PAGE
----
“It’s the Thought that Counts”
September 5, 2011 § 1 Comment
My title comes from the phrase we typically use when we receive a gift that we don’t really want: you may not care for fruitcake, but you appreciate it when your grandmother gives you one. You are responding to the fact that you received a gift, rather than the gift itself. Form, not content, takes primary importance here.
Some would extrapolate from this situation to say that form is all that matters in gift exchange. Without addressing this particular situation, Derrida makes essentially that claim in his thesis that time is the only true gift we can give–time in the abstract, after all, is pure form without content. A gift accompanied by even the thought of having given degenerates to a contract for Derrida, because any thought of the gift expects a response. The less we think about our gift, the more ethical our giving action. All you need is form, because the giver’s intention is the sole determinant of the ethical value of the gift.
I disagree, though, with Derrida’s emphasis on the giver’s intention; and moreover I don’t think this interpretation squares with my experience as a gift recipient. Intention is one component of moral action, but surely not the only one. If our intentions are good but the results of our action bad, we may feel ourselves to have acted morally–but we still wish we would have (could have) chosen differently. Similarly, though we must guard our intentions as givers carefully, I do not think it inevitable that by thinking carefully about what to give a person we will compromise our motives. As a recipient, I feel more loved when I get a gift which has been carefully selected to please me than when I have to say “It’s the thought that counts.” If the purpose of giving is to enrich a relationship–which I take to be the primary function of most individual gift exchange–form may remain primary, but content matters too.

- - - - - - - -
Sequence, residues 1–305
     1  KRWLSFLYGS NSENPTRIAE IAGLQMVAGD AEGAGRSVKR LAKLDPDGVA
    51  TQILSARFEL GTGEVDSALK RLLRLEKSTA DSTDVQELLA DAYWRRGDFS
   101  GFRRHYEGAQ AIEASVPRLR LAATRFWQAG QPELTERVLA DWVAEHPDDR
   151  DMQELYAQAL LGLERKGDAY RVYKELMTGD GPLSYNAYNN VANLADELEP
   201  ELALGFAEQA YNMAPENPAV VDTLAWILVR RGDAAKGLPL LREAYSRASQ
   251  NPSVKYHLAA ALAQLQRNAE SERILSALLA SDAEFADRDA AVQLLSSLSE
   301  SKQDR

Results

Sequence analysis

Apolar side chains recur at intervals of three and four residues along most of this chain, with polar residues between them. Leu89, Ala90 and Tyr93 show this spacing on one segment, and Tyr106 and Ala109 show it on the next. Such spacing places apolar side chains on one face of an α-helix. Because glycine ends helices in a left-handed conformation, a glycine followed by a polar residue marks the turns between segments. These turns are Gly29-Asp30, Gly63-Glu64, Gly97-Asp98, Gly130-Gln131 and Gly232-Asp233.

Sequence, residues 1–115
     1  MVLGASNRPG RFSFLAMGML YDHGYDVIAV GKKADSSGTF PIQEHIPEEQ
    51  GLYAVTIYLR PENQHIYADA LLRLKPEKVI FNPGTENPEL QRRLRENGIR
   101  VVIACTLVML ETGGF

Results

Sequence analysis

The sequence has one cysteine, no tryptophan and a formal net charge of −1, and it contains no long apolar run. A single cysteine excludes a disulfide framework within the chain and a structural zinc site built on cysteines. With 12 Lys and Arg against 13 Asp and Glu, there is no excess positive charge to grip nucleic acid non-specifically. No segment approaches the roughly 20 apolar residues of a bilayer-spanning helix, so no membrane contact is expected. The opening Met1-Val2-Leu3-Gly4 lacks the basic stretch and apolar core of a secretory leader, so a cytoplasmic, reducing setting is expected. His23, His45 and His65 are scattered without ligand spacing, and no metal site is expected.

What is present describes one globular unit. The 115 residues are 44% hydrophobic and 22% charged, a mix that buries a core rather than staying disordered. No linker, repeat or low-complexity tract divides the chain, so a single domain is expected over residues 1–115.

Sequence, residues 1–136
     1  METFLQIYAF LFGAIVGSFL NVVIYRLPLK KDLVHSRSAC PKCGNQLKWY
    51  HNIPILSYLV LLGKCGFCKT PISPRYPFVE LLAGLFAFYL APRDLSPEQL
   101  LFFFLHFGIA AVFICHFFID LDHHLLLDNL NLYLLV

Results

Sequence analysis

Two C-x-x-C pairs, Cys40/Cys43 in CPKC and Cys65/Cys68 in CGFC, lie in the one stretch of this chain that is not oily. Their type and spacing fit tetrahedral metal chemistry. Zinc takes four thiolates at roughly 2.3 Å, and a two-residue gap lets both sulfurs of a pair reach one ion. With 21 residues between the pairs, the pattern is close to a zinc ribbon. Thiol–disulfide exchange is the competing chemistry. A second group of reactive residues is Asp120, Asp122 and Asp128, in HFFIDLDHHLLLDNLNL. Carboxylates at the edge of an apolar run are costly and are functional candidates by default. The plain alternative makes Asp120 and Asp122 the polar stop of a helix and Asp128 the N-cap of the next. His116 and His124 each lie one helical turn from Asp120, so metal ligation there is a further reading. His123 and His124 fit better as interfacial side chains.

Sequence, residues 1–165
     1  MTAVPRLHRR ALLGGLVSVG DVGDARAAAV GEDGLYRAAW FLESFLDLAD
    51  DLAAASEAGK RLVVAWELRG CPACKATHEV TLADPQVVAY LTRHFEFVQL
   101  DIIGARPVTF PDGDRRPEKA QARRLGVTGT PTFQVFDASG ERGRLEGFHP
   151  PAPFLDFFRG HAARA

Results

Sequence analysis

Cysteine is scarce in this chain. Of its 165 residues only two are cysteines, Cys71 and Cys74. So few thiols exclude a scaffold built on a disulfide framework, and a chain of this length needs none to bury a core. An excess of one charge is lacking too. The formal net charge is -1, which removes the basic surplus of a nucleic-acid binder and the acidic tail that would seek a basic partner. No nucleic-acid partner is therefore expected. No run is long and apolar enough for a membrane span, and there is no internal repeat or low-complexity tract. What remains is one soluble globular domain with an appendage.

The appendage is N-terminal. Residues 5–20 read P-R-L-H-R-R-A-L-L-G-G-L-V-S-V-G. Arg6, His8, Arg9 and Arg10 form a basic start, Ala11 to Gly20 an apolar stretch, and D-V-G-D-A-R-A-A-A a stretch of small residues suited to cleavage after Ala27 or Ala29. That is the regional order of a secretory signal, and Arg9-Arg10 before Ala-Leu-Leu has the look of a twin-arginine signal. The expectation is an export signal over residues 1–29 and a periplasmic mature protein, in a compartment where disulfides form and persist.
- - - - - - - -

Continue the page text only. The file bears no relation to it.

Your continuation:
(The question then becomes what Derrida thinks the purpose of giving to be. It looks pretty solipsistic to me, not centered on a relationship at all, but I’m not going to pursue that here.)
There are various way this argument could play out, and I’ll probably write more about form/content in the future, as it seems to be preoccupying me these days (Anyone with a better grasp of philosophy than this poor literary scholar, feel free to chime in.) But let me note one last thing. I first began contemplating “It’s the thought that counts” during the Lord’s Supper (as we call it in my tradition)–which is, in fact, the ultimate example of content mattering over form. It’s impossible to underestimate how that will have influenced my thinking, and my disagreement with Derrida.